Tranzfuser, the UK-wide search for the future creative leaders of the video game industry, has launched its 2018 competition today.
Organised by UK Games Talent and Finance CIC (UKGTF) and funded by the UK Government, Tranzfuser is aimed at graduates looking to break into the games development industry, with a strong focus on getting their game to market.
Now in its third year, teams of talented graduates are invited to apply to take part in the summer-long competition to work collaboratively on turning their game ideas in to actual working projects.
At the end of development, teams will showcase their prototype games at a prestigious consumer games show where they will pitch for a grant of up to £25,000 from the UK Games Fund.
Participants will have access to Local Hubs and leading industry support, providing the best knowledge-base and resources available across the UK. Successful applicants will be awarded a £5,000 budget to allocate as they choose throughout the competition.
Margot James, Minister for Digital and the Creative Industries said:
"Tranzfuser is not just about giving talented people a shot at turning their dreams into a reality. By benefitting from grants, peer to peer interaction, business experience and the support of our excellent universities and creative agencies, we are investing in the next generation of video game developers and the future of our thriving creative industries."
Deborah Farley, Head of Talent and Outreach at UKGTF, said:
"It's with much anticipation for the months ahead that we launch the 2018 Tranzfuser competition today. Over the past two years we have seen over 40 graduate teams create some amazing projects, with the most talented and determined individuals successfully transitioning from developing games for fun to being professional developers.
"This year, we're looking to build on past successes and make Tranzfuser 2018 the best it can be, both for our teams and our network of Local Hubs."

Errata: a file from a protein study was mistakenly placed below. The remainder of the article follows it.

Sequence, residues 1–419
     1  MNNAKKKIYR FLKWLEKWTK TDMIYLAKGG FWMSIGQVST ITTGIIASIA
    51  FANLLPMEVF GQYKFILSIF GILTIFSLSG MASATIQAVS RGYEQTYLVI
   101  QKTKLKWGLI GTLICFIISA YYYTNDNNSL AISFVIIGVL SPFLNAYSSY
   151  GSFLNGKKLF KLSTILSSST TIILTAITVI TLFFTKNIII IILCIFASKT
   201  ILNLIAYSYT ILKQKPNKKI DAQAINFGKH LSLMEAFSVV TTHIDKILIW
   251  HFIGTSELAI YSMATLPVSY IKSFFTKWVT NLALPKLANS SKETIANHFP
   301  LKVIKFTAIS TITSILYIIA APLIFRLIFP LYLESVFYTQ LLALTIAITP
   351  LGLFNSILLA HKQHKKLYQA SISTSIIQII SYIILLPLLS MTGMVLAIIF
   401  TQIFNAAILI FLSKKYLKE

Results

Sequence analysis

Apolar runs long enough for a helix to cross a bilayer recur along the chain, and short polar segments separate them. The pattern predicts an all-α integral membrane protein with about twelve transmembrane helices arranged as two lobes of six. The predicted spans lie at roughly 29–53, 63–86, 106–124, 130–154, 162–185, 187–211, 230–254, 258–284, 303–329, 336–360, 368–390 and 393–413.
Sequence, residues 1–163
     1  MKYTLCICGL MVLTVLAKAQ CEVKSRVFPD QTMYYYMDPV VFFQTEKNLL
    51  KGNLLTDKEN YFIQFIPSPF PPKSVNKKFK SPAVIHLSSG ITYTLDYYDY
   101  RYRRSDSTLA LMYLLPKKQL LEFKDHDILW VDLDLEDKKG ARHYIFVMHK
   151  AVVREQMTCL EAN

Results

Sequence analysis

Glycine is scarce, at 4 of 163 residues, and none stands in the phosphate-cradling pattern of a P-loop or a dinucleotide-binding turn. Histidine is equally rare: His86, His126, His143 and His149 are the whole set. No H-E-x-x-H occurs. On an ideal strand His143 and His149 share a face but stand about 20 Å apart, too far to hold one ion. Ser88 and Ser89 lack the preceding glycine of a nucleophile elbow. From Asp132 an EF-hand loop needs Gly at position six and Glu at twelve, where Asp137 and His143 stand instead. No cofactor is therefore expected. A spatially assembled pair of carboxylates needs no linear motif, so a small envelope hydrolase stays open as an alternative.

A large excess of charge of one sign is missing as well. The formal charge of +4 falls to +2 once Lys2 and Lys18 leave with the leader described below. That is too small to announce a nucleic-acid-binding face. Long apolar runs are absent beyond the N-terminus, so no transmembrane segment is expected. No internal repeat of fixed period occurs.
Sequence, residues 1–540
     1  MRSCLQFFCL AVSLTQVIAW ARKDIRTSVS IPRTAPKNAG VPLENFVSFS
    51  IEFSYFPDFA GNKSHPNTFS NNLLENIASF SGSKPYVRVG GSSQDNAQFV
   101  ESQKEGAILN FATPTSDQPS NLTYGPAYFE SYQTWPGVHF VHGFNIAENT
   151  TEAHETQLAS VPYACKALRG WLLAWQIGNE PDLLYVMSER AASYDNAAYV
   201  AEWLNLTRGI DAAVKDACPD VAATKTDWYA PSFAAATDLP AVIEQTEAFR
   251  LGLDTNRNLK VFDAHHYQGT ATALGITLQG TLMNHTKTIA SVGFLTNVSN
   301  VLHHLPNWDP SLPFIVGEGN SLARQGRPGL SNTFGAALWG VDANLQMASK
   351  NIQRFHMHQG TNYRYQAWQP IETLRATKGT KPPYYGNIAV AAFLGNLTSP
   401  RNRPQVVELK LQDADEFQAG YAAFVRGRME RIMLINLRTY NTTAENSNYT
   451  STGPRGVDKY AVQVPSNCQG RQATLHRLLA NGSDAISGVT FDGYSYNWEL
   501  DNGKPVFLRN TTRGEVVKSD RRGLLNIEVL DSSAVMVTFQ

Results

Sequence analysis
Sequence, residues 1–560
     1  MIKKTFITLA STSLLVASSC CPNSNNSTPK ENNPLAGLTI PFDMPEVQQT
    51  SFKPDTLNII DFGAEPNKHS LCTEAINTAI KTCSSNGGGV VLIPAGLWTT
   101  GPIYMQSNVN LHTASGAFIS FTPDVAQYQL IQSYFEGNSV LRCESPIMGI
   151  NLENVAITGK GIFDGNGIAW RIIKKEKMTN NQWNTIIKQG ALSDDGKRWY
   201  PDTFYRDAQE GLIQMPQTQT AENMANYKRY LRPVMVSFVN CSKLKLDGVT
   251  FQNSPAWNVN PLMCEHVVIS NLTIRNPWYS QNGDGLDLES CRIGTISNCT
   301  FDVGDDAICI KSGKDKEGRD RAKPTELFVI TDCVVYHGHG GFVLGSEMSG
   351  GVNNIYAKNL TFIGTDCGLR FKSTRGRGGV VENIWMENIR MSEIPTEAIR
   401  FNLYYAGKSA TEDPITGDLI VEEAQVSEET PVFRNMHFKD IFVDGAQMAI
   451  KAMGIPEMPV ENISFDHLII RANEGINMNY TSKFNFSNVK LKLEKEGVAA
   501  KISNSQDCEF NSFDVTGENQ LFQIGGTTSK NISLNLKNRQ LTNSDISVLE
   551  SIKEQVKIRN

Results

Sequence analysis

Over 41 start-up development teams have taken part in the competition since it started in 2016 and this year the network of Local Hubs has increased in size from 12 to 20.
The winners of Tranzfuser 2017 were Mochi Mode from Cardiff (University of South Wales) and Shuttershade Studios from Huddersfield (University of Huddersfield).
Mochi Mode wowed the judges and public alike with their game of bright visuals and simple one touch gameplay that sees players controlling a herd of cows and guiding them safely across the Wild West.
Laura Wells, Team Leader at Mochi Mode said:
"After graduating, it's tough to know what steps will help you 'breakthrough' into the games industry. That was especially true for us with the aspiration to start up our own studio. Tranzfuser has given us guidance at a crucial point of our development. Most importantly, it has allowed us to make a little magic!"
Shuttershade Studios, a small group of four individuals, created a virtual reality game, VR Party Ware, primarily consisting of a collection of various minigames that can be played globally via an online leaderboard system or locally friends.
Marcus Nichols from Shuttershade Studios said:
"Winning Tranzfuser has had a life changing effect on both me and the entire Shuttershade Studios team. We're now able to do our dream jobs which is to have very little sleep but to have a tonne of fun developing our own video games. It's the most varied job that we've all had and we wouldn't change it for the world."
The government's Industrial Strategy sets out a long term plan to boost the productivity and earning power of people throughout the UK, and a key strand of this is investing in skills and backing innovators to create better, higher-paying jobs. Nowhere is this more true than in the UK's Creative Industries which are worth more than £91.8 billion to the UK economy.